Tesla's Model X: Everything We Know

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A previous version of this article said Tesla would only offer the Model X in rear wheel drive, when it will only be in 4 x 4. TheStreet regrets this error.

NEW YORK (TheStreet) –– Tesla Motors' upcoming Model X may blow past both investor and consumer expectations, despite having reinvigorated excitement in the automotive industry with its Model S.

CEO Elon Musk made comments on Tesla's second-quarter earnings call that not only helped propel the Model X into the forefront of investors' and driving enthusiasts minds, but could highlight the earnings power of the company. "So if we -- so it's sort of reasonable to expect that if one has -- just address the demand and then the servicing side of things -- it's reasonable to expect that if we see sort of a comfortable 1,000 unit demand on the sedan side, well, probably we should expect that similar number on the SUV side," Musk said on the call. "My guess is we'll actually see slightly higher on the SUV side. I think the Model X is going to a phenomenal car."

As the Model X goes into production in the Spring of 2015, Musk said he expects the split between the Model X and the Model S to be around 1,000 units a week and, given the strength of the market for SUVs, it could be slightly skewed toward the Model X.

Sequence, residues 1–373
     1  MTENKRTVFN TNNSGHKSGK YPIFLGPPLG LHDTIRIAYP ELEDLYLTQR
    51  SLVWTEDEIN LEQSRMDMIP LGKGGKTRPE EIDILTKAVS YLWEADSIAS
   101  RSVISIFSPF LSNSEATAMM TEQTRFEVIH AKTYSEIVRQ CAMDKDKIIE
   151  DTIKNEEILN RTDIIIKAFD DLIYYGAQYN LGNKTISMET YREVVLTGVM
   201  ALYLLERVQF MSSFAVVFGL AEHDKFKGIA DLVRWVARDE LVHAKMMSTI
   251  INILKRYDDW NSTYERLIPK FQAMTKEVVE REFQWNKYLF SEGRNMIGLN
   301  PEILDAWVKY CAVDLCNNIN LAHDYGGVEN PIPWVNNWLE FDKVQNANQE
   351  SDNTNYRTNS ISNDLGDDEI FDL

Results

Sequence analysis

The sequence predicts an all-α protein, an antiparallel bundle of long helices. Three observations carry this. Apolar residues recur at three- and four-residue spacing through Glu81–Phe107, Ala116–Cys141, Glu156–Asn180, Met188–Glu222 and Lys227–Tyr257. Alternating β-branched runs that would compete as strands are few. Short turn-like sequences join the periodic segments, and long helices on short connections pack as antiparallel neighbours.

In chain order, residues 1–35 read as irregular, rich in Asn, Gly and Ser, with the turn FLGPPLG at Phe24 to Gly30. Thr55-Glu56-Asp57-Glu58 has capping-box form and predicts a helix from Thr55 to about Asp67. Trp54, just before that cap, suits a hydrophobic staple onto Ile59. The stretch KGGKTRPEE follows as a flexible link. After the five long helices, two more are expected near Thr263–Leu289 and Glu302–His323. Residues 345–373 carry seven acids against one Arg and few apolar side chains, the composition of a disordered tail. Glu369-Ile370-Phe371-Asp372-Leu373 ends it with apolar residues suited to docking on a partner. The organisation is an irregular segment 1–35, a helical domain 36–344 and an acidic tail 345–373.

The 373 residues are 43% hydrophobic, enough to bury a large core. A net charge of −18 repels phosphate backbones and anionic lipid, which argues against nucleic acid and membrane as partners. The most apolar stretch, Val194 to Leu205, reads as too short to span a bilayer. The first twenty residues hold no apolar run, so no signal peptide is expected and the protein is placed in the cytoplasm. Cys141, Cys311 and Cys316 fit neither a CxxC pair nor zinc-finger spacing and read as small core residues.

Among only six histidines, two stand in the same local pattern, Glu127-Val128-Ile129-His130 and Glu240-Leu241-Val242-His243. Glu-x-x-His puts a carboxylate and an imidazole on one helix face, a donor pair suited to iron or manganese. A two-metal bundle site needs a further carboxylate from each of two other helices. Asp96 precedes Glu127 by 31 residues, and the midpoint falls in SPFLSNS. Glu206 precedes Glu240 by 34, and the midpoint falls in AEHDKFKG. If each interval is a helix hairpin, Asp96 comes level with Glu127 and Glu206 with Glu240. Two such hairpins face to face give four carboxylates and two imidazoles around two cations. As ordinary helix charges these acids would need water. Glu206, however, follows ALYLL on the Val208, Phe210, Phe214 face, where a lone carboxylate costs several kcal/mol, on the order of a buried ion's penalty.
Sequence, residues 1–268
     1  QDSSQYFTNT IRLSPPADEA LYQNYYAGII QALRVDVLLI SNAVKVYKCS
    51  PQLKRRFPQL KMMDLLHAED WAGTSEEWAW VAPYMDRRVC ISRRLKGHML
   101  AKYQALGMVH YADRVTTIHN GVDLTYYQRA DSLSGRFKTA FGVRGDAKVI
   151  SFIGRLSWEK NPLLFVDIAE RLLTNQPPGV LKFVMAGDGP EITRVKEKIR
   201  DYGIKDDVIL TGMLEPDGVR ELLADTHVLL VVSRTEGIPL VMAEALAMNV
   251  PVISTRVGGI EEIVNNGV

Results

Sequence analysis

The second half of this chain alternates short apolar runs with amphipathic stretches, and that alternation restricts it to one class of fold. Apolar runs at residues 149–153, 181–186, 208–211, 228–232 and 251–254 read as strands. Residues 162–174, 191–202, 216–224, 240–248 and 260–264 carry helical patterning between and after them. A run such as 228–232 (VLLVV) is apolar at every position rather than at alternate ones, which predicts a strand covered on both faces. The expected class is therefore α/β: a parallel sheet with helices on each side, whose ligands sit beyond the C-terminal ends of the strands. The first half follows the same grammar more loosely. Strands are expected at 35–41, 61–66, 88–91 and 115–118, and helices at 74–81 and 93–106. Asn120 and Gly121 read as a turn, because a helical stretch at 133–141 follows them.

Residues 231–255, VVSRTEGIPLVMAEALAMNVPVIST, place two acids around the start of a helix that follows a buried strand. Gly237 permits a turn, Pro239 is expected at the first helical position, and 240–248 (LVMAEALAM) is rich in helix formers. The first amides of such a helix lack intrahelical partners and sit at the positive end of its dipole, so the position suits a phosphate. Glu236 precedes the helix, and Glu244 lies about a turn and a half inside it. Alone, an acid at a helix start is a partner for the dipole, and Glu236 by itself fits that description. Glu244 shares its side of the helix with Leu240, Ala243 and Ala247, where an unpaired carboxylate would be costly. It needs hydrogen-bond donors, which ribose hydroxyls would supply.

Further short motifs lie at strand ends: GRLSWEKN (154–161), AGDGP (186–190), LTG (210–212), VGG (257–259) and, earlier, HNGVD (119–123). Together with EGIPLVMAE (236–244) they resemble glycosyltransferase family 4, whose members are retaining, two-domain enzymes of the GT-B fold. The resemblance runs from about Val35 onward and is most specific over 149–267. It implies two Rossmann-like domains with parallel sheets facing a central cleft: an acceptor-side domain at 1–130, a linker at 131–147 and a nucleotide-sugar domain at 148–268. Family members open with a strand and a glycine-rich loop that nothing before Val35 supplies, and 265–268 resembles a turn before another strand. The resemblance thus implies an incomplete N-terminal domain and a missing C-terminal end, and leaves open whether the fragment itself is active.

Read More: Tesla's Model X: A First Look

According to data compiled by The Wall Street Journal, the SUV market is picking up. Sales of small SUVs rose 8.5%, while midsize SUVs rose 6.6% year over year, large SUVs rose 25.8%, and luxury SUV sales rose 28%.

Deutsche Bank analyst Rod Lache stated that the market for mid-sized luxury SUV’s (which would include the Model X) "is nearly as large as the market for premium sedans (and in the U.S., the market for SUV’s is actually larger)." Lache estimates that Tesla would be able to sustain strong momentum for both the Model S and the X, "in the 150,000 unit range, 2x our previous assumption."

Tesla said in its July 31 letter to shareholders that it expects to end 2015 with an annualized delivery rate of more than 100,000 units, provided the company "execute[s] well and there are no serious macroeconomic shocks."

Pricing for the Model X has not been announced, according to an emailed statement from Tesla spokesman Liz Jarvis-Shean. However, Morgan Stanley analyst Adam Jonas recently said in a research note he expects the Model X "will have a base starting price around $75,000." At a base price of $75,000, that would skew the Model X toward the luxury end of the SUV market, which has seen the strongest growth year over year.

Currently, there are no Model X vehicles available to test drive, but demand is exceptionally strong, for a sport utility vehicle that's more than six months away. A look on the Model X forum shows that reservations have surpassed 11,000, with many of them coming from both the United States, as well as other areas around the world, including Norway, Switzerland and China, countries where Tesla has or is starting to make a name for itself.

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